Wednesday, April 14, 2010

Some pictures from Hiving Day!

I met my wife Priscilla at the Woodstar Cafe on December 27th of 2008 when I needed to plug my laptop in next to her table. It was then that I saw she was reading a reprint of the 1966 Lower Manhattan Redevelopment Plan. As both an urban planning and zoning geek and a librarian I recognized hardcore nonfiction when I saw it. I saw her as a potential mate right away.

After the usual Western New England winter courtship of cross country skiing, discussing the virtue of woolen base layers and a spring of visiting more than a dozen maple sugar shacks for breakfasts she accepted my proposal of marriage at the Skinner House on June 1. We married by her father the Rev. Cannon Miner at the Pelham Public Library with the reception at Forbes Library on September 7th, about 9 months after having met.

Along the way we cut down an overgrown hemlock hedge around our property between State and King Street, Priscilla showed great braveness when multiple bees got stuck in her hair and we planned and built our downtown home into a small urban homestead. Work is ongoing, but 8 fruit tress arrived today from Miller Nurseries, worms are back to work composting and Grendel, our beloved American short hair cat, keeps the place mouse proof.

This story is about our new business Preservation Honeybee.

Here are some pictures from Hiving Day. We took delivery of our package bees from Dan Conlon over at Warm Colors Apiary last week on Thursday April 8. Since temperatures were so low we had to keep the bees on our dining room table until Saturday morning.

For Priscilla and I these 10 hives represent the transition from hobby beekeepers to business people. It wasn't cheap or easy to get started. We've borrowed money from both our families to start up. I guess, minimally, it costs about $250 to put a hive on the ground but there are expenses beyond that. These bees are being kept at our friend Andy's house. It's an ideal site in so many ways, We can easilly bicycle there and it's a stones throw from the community garden and downtown Florence. Best of all, it's a friend's place.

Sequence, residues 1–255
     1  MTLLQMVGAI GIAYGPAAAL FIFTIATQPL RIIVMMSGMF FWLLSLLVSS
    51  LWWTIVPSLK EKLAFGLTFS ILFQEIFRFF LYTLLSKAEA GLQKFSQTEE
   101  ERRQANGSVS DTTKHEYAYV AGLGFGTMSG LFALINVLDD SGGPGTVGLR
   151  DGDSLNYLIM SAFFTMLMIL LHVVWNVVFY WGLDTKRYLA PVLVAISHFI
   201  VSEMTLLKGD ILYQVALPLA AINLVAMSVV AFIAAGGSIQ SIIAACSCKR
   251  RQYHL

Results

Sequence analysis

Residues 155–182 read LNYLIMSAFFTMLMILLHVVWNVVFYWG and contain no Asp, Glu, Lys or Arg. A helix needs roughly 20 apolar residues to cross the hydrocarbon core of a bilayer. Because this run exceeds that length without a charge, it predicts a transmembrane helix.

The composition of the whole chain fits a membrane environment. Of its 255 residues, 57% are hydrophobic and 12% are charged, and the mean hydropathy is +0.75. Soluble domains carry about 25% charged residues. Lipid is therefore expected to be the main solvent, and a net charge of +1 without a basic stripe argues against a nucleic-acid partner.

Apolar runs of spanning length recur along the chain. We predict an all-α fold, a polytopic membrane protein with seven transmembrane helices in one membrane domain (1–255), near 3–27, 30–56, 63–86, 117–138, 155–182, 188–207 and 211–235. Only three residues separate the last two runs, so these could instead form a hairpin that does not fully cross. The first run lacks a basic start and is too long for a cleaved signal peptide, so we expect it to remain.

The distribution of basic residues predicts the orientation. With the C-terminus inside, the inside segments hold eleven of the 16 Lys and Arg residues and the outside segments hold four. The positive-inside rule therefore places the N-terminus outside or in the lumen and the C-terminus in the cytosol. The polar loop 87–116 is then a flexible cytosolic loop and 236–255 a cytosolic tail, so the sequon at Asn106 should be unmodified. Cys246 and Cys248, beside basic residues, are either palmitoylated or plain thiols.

We are thankful to families, Andy and the Conlons for making this possible.

We assembled and painted the hives over the winter, with help from my Mom, Philomena. I am pretty meticulous about assembly and painting. We glued and nailed every joint. We primered and sanded between each coat of paint. All this means it took a lot of time to do this right.

For us, though, it represents good care of an investment. We want these hives to last for many years. As important, if not more, is the idea that durability is a cornerstone of sustainability. All our hives are produced on the east coast and the latest round comes from a producer a short drive away.

We're happy to be able to produce a quality food product from within the city of Northampton. In Northampton or in Florence Center a bee on flowers outside your window could very well be ours.

Now, on to the photos:

In this photo I am applying a mixture of food grade mineral oil and our own bees wax to the surfaces of the hives that will contact one another. I like to have only food grade substances near anything that will be inside the hive.